New Peace Now Report: Settlement Construction Surge in First Half of 2013

Today the Israeli Peace Now movement issued a report documenting a surge in settlement construction during the first half of 2013. The report contradicts the popular narrative that settlement construction in the West Bank slowed during the run-up to the re-start of Israeli-Palestinian peace talks.

In reality, the period of January-June 2013 saw a huge increase in construction compared to the same period in 2012. The details of the report are summarized below. The full report is available here.

Commenting on the report, Peace Now stated: "The Government of Netanyahu continues to build in settlements and to make it harder to reach a peace agreement. Anyone who cares about Israel and the success of the current efforts to resume the negotiations for a two state solution must be very concerned about the ongoing construction in settlements."

APN President and CEO Debra DeLee added: "Today, it is not only peace talks that stand in the balance, but also Israel's survival as a democracy and a Jewish state. We strongly support negotiations to end the Israeli-Palestinian conflict and believe President Abbas deserves credit for remaining in talks, despite settlement-related provocations - both in terms of the ongoing trends highlighted in the latest Peace Now report, and in terms of the flood of settlement announcements that accompanied the start of talks this summer - that almost seem designed to force them to walk away.

"In this context, we urge the Obama Administration and the international community, as part of its support for Israel and for peace, to not permit the Netanyahu government to continue to exploit and abuse the negotiations process to create even more facts on the ground that are anathema to the very goal of these negotiations: achieving a two-state agreement that ends the Israeli-Palestinian conflict."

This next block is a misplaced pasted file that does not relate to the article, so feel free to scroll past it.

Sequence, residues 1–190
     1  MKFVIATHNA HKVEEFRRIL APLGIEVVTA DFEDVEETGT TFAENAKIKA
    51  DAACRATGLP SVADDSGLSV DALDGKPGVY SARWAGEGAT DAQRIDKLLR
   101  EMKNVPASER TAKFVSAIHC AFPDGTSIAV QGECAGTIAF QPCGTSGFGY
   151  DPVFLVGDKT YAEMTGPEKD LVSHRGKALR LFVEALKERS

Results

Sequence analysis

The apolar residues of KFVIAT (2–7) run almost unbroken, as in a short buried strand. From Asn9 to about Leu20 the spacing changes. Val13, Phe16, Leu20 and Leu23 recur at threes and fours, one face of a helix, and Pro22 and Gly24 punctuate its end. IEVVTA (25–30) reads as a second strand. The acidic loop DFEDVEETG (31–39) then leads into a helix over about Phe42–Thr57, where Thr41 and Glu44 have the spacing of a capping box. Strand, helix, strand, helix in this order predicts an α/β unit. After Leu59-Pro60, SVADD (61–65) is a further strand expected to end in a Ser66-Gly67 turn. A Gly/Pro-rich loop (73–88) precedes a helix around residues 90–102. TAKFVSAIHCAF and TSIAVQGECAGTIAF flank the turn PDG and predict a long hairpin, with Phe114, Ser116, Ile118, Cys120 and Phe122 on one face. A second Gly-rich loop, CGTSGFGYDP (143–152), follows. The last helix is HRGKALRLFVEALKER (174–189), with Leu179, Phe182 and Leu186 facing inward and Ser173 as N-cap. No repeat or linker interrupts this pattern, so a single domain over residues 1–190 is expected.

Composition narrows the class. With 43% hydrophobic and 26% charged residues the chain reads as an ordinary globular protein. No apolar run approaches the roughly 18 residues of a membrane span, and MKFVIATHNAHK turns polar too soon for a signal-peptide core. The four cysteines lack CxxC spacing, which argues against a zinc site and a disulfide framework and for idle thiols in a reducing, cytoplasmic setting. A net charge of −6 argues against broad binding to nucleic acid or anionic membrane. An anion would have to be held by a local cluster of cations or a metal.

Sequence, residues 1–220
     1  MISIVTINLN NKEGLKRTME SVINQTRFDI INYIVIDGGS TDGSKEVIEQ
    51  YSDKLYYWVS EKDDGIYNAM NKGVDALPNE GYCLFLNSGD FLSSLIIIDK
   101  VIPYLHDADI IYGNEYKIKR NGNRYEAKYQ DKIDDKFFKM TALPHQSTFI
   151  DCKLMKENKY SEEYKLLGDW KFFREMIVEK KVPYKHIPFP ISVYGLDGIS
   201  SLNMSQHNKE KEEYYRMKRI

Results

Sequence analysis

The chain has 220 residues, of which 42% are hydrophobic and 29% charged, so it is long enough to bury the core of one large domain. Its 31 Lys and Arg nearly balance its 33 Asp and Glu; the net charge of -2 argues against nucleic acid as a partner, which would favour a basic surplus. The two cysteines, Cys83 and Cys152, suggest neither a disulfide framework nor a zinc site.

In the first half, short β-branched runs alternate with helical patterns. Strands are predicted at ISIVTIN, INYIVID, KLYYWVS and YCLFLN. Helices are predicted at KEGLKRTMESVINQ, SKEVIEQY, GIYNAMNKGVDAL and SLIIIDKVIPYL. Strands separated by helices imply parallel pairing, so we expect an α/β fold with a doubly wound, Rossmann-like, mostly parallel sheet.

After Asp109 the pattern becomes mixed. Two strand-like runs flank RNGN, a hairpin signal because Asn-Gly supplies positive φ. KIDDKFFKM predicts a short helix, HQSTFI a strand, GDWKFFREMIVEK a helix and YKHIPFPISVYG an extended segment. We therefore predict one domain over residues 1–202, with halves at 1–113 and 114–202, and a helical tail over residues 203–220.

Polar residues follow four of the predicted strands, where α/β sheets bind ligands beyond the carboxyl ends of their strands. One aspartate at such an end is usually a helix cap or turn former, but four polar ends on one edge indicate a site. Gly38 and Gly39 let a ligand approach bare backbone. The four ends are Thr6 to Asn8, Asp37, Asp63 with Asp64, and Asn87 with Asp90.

Details of the Peace Now Report

1. New Settlement Units - Starts

  • There was a 70% increase in construction starts (the start of new units) in settlements compared to the same period in 2013.
  • In terms of the number of units, construction was started on 1,708 new units in settlements during the first 6 months of 2013. Assuming a family size of 5, this will mean housing for an estimated 3,540 new settlers.
  • More than 10% (180) of these new units were located in illegal outposts.
  • 44% of the construction starts (759 units) were east of the planned route of the separation fence. 32% (542 units) were west of Israel's separation barrier. 24% (407 units) were located in the area that is located between the planned route of the separation barrier and the barrier as currently constructed. A map showing the location of all this construction is available here.
  • 61% of the construction starts (1,040 units) were in isolated settlements (east of the border proposed by the Geneva Initiative).
  • In addition to the 1,708 starts, construction was started in settlements for 180 public buildings (schools, synagogues, kindergartens and so on), as well as 74 industrial or agricultural buildings.
  • At least 86% of the construction (1,469 units) was carried out without tenders, in settlements where tenders are not required before construction. In this way, the "tender moratorium" declared by the Israeli government (which ended in July 2013, with the spike of settlement announcements linked to the release of Palestinian prisoners) was not a general construction freeze, but only a freeze on a small portion of settlement construction.

2. New Settlement Units - Under Construction

  • In total, during the first half of 2013, construction was ongoing for a 2,840 units in settlements.
  • Assuming a family size of 5, this will mean housing for an estimated 14,200 new settlers.

3. New Settlement Units - Completions

  • During the first 6 months of 2013, construction was completed on 1,794 new settlement units (this number is part of the 2,840 discussed above). Assuming a family size of 5, this means housing for an estimated 8,970 new settlers.

4. Summer 2013

  • The two tenders published last summer (in addition to those in East Jerusalem) were for settlements located in the areas that will be most problematic for any agreement - Efrat and Ariel.